Frustrated, Big Health Insurers Maneuver to Boost Washington Influence
Five of the nation's largest health insurance companies are looking to build their own inside-the-Beltway coalition to influence implementation of the new health law and congressional efforts to change it.
The companies – Aetna, Cigna, Humana, UnitedHealthcare and WellPoint -- are shopping around Washington for a public relations firm to represent them, according to a source familiar with their work. Public Strategies and APCO Worldwide are among PR firms that have spoken with the insurers, the source said.
"They plan to go public," the person said. "They spent a ton of money [in 2009 on lobbying and the election] and liked being influential and they don’t want that to go away."
For months there have been rumors the companies might abandon their trade group, America's Health Insurance Plans. Industry sources say they aren't.
But what exactly the group of five companies hopes to achieve isn't entirely clear. Humana's spokesman would only say that it doesn't plan to leave AHIP. Officials with the other four companies couldn't be reached immediately.
AHIP's CEO Karen Ignagni declined to comment on the five insurers forming their own coalition.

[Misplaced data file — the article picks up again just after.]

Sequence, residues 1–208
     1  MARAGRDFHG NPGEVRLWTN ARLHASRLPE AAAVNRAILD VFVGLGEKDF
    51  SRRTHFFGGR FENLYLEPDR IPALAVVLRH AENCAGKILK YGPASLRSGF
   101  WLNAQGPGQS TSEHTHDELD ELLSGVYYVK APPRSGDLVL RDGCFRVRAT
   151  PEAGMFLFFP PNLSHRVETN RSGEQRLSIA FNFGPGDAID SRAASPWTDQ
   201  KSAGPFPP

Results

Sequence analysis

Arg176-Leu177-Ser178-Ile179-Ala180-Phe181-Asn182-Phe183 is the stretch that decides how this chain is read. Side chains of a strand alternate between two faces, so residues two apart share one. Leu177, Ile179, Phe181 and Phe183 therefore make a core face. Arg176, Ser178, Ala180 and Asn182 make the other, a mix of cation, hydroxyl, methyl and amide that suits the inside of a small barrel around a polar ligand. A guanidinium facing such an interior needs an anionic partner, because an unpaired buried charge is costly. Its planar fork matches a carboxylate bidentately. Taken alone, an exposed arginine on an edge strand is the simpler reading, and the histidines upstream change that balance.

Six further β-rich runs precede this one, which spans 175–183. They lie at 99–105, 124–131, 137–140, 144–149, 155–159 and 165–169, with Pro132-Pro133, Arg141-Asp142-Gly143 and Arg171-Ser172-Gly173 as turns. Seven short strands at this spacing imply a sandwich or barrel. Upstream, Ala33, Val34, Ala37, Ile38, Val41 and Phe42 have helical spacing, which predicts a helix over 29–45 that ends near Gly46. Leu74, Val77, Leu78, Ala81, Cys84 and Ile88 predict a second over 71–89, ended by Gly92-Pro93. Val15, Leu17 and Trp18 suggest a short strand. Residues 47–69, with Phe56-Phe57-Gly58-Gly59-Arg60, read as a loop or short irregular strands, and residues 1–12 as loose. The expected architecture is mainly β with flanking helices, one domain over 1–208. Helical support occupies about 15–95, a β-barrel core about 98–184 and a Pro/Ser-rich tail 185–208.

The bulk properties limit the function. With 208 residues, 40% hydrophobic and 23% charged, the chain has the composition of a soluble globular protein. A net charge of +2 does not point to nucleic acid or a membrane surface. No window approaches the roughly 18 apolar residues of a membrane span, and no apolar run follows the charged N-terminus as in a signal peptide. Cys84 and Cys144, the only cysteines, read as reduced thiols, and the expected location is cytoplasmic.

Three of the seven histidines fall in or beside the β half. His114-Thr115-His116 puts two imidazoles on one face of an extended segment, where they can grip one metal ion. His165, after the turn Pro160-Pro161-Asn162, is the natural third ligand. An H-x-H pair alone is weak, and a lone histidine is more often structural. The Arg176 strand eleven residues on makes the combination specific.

In November, Cigna CEO David Cordani and Aetna CEO Mark Bertolini both publicly stated at a Reuters Health Summit that they oppose halting implementing federal law overhauling the health system. They said the law could be improved, however.
Several industry observers said the companies want their own "subcommittee" within AHIP to exert more influence on the group’s political and policy choices in 2011. "I think some of the companies felt the small and non-profit company interests were getting more attention within AHIP and they wanted to make sure their interests were considered too," said one health insurance executive whose company is a member of AHIP.
AHIP's political action committee donations tilted heavily to Republicans in the 2010 election cycle, with 59 percent of its $201,000 in direct PAC contributions going to GOP congressional candidates and 40 percent to Democrats, according to a Center for Responsive Politics analysis of Federal Election Commission records, as of Dec. 8.
As recently disclosed tax documents show, AHIP quietly gave $86.2 million to the U.S. Chamber of Commerce, which became one of the loudest opponents of the Democrats’ health care plans.
Even as the insurers work to build relationships with Republicans, they are in a delicate political situation. The Democrats still run the Senate and the White House and the health law appears safe from repeal at least until after the next presidential election in 2012.
So insurers don't want to become political targets of congressional Democrats and the Obama administration, said Chris Jennings, president of Jennings Policy Strategies. They risk "more aggressive implementation [of the law] in ways they don’t want to see, so they have to be careful."
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